Customer journey mapping helps businesses become more customer-centric and identify areas where their customer experience (CX) isn’t up to scratch.
Just ask Rentokil. Before working with CustomerGauge, the company had been using a conventional customer experience management (CXM) framework. However, the team was finding that survey responses were low and the little data they did get suggested that many customers weren’t happy — they just didn’t really know why.
But when the company began to implement Account Experience (AX) and created their own B2B customer journey maps, they saw where their weakness lay.
For example, getting in touch with account managers was a major pain point for customers. As a result, Rentokil improved access to their account managers and they saw churn drop dramatically, while customers’ willingness to recommend their service rose.
As Rentokil discovered, having a clear understanding of your customer journey is the first step to implementing a successful customer experience program.
Why? Because it documents all of your customer’s interactions, touchpoints, and lets you spot the areas that are letting you down. Once you know what the friction points are, you can better manage them.
And that matters particularly in B2B where customer journeys are typically much more complex. With more stakeholders involved in purchase decisions and different players in a single customer account using your product, that’s to be expected.
However, that’s not just an abstract issue. When 77% of B2B buyers consider their purchases to be difficult, it can have a negative impact on your bottom line.
That’s why you need to learn the basics of customer journey mapping for B2B. In this article, we’ll show you how to get started.
What Is Customer Journey Mapping for B2B and Why Does it Matter?
Customer journeys might seem simple: you offer a product and the customer buys it.
But in reality, there’s a lot more going on. From awareness to reviews and referrals, customer journeys start well before you know your customer’s name and they finish long after they’ve made a purchase.
And that’s the beauty of customer journey mapping. These maps literally draw out your customers’ entire journey to give you visibility over every interaction they have with your brand.
In this way, customer journey maps help you to…
Clarify touchpoints across all channels, including online and face-to-face interactions. Businesses now face the challenge of customer journeys crossing multiple channels. Tracing them all will give you a clear view of your customer experience.
Be truly customer-centric. Put yourself in your customers’ shoes. What's it like to do business with your company? What do they feel in each interaction? Customer journey maps exist to tell you exactly that.
Identify areas for CX improvement. Your customer journey map supports your CX, AX, or NPS program by helping you see which touchpoints need more resources, improvement, or personnel.
Battle churn and grow revenue. By improving every touchpoint, you’ll cut the moments in your customers’ journey that are too difficult, frustrating, or unsatisfying. This way, you’ll boost your customer retention and earn growth.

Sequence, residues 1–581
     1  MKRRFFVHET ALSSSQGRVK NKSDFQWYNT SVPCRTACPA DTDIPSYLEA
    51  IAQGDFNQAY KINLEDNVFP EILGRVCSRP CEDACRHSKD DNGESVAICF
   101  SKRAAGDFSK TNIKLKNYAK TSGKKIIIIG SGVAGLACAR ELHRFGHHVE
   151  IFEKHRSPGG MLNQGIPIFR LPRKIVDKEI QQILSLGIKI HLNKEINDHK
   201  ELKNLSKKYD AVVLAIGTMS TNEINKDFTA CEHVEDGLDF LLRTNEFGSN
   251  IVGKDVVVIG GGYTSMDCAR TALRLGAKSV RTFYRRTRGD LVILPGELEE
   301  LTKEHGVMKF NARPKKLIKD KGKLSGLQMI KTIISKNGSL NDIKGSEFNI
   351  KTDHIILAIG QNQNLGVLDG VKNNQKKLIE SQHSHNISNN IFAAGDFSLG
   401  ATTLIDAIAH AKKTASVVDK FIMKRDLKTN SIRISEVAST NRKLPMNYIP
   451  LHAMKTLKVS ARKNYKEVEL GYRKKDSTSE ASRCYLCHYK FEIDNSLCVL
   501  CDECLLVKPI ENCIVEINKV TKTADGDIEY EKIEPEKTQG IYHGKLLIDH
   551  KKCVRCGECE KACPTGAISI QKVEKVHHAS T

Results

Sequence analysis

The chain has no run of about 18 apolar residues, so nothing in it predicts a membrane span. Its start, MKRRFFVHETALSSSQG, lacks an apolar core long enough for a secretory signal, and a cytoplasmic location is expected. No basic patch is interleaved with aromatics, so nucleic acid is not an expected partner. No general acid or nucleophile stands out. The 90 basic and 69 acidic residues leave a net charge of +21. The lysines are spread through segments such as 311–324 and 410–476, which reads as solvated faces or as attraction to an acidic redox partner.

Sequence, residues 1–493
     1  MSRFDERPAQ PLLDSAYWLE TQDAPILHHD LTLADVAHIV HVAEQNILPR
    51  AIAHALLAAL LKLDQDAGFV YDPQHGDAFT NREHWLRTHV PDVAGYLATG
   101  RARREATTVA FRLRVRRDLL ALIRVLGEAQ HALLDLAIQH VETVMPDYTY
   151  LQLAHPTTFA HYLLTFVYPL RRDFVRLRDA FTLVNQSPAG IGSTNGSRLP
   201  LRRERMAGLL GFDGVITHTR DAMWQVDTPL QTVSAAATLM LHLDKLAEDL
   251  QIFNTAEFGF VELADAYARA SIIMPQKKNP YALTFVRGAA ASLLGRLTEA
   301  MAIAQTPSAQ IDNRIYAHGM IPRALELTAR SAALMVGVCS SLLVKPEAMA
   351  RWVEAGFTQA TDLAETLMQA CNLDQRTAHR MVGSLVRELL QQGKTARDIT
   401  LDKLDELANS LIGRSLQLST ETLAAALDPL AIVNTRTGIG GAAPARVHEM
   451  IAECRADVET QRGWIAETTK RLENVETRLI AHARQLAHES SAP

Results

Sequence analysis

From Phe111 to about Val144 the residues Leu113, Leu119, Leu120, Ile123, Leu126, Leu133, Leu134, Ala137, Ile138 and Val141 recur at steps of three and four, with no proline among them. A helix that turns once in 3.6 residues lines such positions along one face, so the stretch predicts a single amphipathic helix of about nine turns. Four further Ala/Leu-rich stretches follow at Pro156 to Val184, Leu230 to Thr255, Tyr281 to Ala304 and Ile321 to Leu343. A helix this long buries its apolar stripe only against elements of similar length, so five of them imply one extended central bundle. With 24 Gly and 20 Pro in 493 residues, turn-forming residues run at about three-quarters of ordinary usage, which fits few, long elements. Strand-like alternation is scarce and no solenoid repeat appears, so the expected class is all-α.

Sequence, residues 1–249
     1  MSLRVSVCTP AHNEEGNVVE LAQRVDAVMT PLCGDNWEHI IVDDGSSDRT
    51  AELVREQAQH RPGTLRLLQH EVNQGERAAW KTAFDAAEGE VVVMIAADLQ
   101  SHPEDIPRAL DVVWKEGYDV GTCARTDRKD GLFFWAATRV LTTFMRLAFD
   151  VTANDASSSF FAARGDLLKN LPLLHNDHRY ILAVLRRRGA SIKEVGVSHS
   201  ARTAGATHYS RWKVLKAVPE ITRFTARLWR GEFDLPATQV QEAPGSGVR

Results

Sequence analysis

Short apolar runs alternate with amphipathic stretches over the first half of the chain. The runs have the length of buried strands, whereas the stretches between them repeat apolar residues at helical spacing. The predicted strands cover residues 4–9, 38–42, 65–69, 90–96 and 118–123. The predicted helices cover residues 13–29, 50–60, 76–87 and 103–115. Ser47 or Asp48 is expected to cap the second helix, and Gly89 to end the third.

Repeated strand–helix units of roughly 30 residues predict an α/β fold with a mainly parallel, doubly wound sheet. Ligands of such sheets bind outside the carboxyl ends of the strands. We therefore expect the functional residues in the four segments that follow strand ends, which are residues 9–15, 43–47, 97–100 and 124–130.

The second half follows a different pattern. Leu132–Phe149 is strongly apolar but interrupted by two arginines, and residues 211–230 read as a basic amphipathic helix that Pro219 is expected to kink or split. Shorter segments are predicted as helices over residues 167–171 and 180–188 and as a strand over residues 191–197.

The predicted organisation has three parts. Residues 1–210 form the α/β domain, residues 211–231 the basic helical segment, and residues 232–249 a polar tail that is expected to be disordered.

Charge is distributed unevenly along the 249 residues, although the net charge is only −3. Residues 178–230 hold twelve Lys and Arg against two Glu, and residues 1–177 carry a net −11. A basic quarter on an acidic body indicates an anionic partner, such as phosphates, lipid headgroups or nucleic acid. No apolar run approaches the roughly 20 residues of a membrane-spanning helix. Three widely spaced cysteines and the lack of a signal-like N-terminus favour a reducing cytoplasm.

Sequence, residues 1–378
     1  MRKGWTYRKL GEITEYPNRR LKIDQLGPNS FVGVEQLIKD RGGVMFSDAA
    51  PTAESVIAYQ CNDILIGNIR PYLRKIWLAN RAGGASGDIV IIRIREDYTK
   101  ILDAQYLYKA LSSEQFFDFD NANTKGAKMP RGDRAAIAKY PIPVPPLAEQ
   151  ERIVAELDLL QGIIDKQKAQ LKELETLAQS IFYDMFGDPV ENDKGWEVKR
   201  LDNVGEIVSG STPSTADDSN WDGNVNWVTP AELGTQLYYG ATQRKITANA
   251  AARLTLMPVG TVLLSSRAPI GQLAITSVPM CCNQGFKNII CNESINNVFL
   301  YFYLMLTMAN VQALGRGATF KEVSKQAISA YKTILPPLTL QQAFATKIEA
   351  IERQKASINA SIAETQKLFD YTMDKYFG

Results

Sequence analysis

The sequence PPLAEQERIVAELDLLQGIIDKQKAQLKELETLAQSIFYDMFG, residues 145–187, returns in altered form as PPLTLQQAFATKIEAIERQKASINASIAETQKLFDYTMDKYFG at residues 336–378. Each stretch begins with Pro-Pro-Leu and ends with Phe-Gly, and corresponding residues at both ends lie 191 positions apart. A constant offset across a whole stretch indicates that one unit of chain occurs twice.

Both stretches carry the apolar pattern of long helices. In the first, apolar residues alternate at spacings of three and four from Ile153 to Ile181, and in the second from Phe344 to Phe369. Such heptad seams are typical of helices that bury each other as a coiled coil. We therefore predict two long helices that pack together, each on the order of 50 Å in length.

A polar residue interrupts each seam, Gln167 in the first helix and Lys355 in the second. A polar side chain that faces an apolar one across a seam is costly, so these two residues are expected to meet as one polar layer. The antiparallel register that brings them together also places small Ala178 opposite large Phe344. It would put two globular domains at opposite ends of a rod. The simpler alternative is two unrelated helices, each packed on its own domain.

By visualizing the customer journey, companies can connect insights from each touchpoint to the actions that directly impact revenue. As a result, customer journey mapping is an essential first step for improving your B2B CX.
What a Customer Journey Map for B2B Can Look Like
No two companies’ customer journey maps are the same. And they’re not static documents either.
Customer journey maps for B2B need to evolve with the business. As you launch new products or services, change elements within a touchpoint, or remove interactions that add little to no value for your customer, your map should change, too.
Although all customer journey maps will vary from business to business, industry to industry, they’ll all begin with awareness. This stage is when your customer has their initial contact with your company, such as an advert, a brochure, a blog post, or a recommendation from a friend.
From there, they’ll take different forms. In B2B, they tend to be a bit more complex. Let’s do a comparison.
A simplified view of Phillips’ B2C customer journey map might look like this:
Alternatively, a B2C business like BMW with a different product and customer journey may create a simple customer journey map like this:
Note how both customer journeys go beyond the first purchase. That’s because your customers will continue to interact with you long after they have just bought your product.
In B2B, though, things look a little different. The journey still starts with awareness and continues long after the purchase, but many of the touchpoints in each stage are different (for example, you’ll rarely have a sales call or training in B2C).
Our CustomerGauge customer journey map is a little more detailed and shows the different kinds of touchpoints across all channels within each of the stages of the customer's journey.
Here’s an example one employee made while onboarding and attending CustomerGauge Academy:
How to Map Your Customer Journey
So, how do you start a customer journey map? Put yourself in your customers’ shoes.
We all view the world from our own perspective, and the same is true when it comes to mapping customer journeys. It’s so easy to end up mapping your internal processes and how customers fit into them. But that’s not the point.
The challenge is to turn this on its head, to look at your business from the outside in, just as your customers do.
As CustomerGauge’s VP for Education and Services, Cary T. Self, explains:
“When we’re talking about being customer-centric or account-centric, I think what’s vital is understanding that everything you’re doing should benefit the customer experience. In that, there are departments that own different journey points, there are different places where you engage with your customer, your account, your client — and I think [those are] the most important parts of the journey to be aware of.